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University of Vermont
Workers Vote UE


After more than a year of struggles — both in the workplace and before the state labor board — the more than 300 service and maintenance employees at the University of Vermont in Burlington won their union election on Dec.10. Joining the union’s ranks are custodians, painters, electricians, shuttle bus drivers, inventory clerks, plumbers and other university employees.

Tom Stout, a maintenance specialist at UVM, said he was glad to organize into UE because "now we have a voice in our future. We are tired of the top people earning most of the money."

The victory at UVM involved a long campaign and was successful, in part, because of the assistance and support of UE members in Vermont and elsewhere.

The organizing efforts began in the fall of 1996 with UE’s efforts to organize all the staff employees of the university. When it became clear that the blue collar workers were ready to organize first, UE asked the state labor board to conduct an election among UVM’s service and maintenance employees. Service and maintenance employees cited low wages, a lack of respect, eroding benefits, and a poor grievance procedure as reasons to join UE.

UVM challenged the UE’s petition and argued that the only appropriate bargaining unit would include 1,100 employees —- both white and blue collar. A four-day hearing before the state labor board took place in August. The union prevailed in the decision issued in October; an election was ordered for Dec.10.

The university did what it could to discourage workers from joining the union. UVM hired an anti-union consultant from Boston, held small group meetings, started rumors and published anti-union literature.

At one point, the university announced to a large group of custodians that a "special guest" would come to UVM to tell employees what is was like to work in a union environment. A former UVM employee, this "guest" works for Dartmouth College — a college whose service and maintenance employees are represented by the Service Employees International Union. Not a blue collar worker as management had implied, the guest speaker was instead assistant to the Human Resources Director at Dartmouth.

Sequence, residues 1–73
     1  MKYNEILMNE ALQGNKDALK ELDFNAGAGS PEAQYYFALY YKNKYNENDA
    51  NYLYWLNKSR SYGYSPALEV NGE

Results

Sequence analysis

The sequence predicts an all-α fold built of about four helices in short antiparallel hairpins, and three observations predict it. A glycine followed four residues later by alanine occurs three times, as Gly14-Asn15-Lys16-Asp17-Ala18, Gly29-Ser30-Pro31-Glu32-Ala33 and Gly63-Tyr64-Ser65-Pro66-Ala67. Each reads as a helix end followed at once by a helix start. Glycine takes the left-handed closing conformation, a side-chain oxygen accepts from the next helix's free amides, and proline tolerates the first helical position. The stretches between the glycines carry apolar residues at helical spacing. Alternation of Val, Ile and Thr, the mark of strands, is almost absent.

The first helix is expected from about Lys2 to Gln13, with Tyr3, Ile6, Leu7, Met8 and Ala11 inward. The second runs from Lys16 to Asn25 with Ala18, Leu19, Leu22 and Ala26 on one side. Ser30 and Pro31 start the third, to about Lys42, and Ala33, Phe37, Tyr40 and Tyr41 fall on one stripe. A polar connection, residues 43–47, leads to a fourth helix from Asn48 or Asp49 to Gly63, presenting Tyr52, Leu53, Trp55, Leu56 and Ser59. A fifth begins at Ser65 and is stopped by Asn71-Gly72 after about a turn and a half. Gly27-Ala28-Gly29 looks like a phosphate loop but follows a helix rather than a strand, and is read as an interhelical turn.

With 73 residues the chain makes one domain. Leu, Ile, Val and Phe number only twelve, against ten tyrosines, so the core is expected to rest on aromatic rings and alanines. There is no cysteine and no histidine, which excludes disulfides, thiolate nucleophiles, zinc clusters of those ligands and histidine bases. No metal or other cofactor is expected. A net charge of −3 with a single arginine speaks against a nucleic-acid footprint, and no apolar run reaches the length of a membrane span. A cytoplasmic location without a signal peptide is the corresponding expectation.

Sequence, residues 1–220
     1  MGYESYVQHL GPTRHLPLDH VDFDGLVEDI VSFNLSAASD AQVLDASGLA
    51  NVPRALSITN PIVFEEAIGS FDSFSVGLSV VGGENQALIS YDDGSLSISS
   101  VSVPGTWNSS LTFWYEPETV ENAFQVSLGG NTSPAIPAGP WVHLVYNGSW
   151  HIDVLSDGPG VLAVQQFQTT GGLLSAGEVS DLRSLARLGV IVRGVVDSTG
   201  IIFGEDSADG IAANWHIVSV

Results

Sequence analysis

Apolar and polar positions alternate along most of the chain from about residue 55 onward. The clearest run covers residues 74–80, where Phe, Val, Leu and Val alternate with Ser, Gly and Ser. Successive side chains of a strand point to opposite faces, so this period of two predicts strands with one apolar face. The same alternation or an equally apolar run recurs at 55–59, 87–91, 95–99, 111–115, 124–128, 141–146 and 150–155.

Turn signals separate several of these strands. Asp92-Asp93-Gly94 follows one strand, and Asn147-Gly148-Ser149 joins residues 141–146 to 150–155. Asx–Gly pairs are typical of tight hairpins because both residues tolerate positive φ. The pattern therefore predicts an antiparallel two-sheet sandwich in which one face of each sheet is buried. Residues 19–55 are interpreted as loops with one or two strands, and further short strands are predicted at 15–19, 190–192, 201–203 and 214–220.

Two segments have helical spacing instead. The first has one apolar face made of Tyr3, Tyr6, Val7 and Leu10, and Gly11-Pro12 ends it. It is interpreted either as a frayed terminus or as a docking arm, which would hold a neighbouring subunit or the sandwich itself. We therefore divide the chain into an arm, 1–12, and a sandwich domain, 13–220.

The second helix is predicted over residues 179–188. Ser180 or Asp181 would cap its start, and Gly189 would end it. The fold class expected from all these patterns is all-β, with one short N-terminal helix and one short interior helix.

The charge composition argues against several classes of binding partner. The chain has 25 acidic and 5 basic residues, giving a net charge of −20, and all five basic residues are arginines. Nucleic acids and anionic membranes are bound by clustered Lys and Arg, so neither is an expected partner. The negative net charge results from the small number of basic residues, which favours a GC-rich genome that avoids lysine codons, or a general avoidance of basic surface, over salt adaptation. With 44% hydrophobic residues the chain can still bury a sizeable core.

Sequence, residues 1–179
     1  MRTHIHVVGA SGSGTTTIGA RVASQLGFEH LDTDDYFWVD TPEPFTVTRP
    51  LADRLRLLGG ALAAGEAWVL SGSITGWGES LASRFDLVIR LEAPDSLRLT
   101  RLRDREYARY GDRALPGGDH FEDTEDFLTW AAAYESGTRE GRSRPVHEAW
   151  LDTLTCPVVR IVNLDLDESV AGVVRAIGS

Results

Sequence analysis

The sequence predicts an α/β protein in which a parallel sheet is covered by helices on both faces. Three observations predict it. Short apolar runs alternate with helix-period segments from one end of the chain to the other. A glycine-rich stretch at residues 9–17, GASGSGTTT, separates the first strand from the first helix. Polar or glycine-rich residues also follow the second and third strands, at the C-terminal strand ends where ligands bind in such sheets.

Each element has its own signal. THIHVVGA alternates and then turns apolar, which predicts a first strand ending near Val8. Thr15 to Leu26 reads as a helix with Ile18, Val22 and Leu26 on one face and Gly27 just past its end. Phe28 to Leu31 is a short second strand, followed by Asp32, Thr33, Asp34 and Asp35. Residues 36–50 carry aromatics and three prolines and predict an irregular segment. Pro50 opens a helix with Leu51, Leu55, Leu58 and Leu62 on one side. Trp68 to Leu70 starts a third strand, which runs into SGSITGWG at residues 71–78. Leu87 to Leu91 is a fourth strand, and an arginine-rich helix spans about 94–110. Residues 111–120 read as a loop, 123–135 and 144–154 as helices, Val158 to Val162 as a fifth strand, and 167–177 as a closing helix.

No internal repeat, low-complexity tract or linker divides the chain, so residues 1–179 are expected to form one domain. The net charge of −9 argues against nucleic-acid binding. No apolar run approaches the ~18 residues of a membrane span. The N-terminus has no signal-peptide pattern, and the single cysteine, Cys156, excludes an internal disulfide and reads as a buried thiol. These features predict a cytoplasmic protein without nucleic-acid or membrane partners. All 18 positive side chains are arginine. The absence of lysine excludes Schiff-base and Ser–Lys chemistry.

UE contacted SEIU Local 560 at Dartmouth. When local president Earl Sweet learned who was coming to Vermont, he and two other officers of his local traveled to Burlington and crashed the meeting. The Dartmouth management person had little to say in the face of his own employees. Members of SEIU also assisted the UE by attending small group meetings.

UE members from around Vermont and elsewhere also assisted in the drive, as did UE District Two Pres. Judy Atkins. In addition to members from Local 258 in Windsor, Local 218 in Springfield, Local 234 in St. Johnsbury and Local 221 in Burlington, Carole Braun from UE Local 767 at Antioch College in Ohio made two trips to Burlington to tell UVM employees what a positive effect UE can have at a college. Doug Anderson from UE Local 896 also traveled from Iowa to Vermont to talk to UVM workers about UE.

UVM workers also had a friend in Vermont’s sole member of Congress. In a personal letter to Dr. Judith Ramaley, university president, independent Bernie Sanders called on UVM to fire the anti-union consultant and "do everything in its power to conduct a free and fair campaign."

Rep. Sanders also spoke at an election-eve rally at which he urged workers to vote for UE. Also speaking at the rally, UE Dir. of Org. Robert Kingsley declared, "UVM, it is time to share the power with the people who do the work!"

Service and maintenance employees showed support for the union in many different ways. Many employees wore UE T-Shirts which said "UVM Works Because We Do." Others wore UE buttons and caps. Students gave UE organizers permission to hang "Vote YES" posters on the doors. Workers also attended rallies, press conferences and other union events.

UE leaflets were written in Bosnian, English and Vietnamese; ballots were printed in both English and Vietnamese. The whole-hearted support of Vietnamese and Bosnian immigrant workers contributed to the margin of victory.

Assisting UVM’s service and maintenance employees were Intl. Rep. Harry Authelet and Field Organizers Mark Meinster, Kimberly Lawson, Keith Eveleth, Rachel Wells, and many other staff from around the union.

Don English, inventory stock clerk at UVM said, "It’s been a long road but now that we are at the end we are anxiously looking forward to the fun part —negotiating!"

UE News - (01/98)

Home -> UE News -> 1998 Archives -> Article

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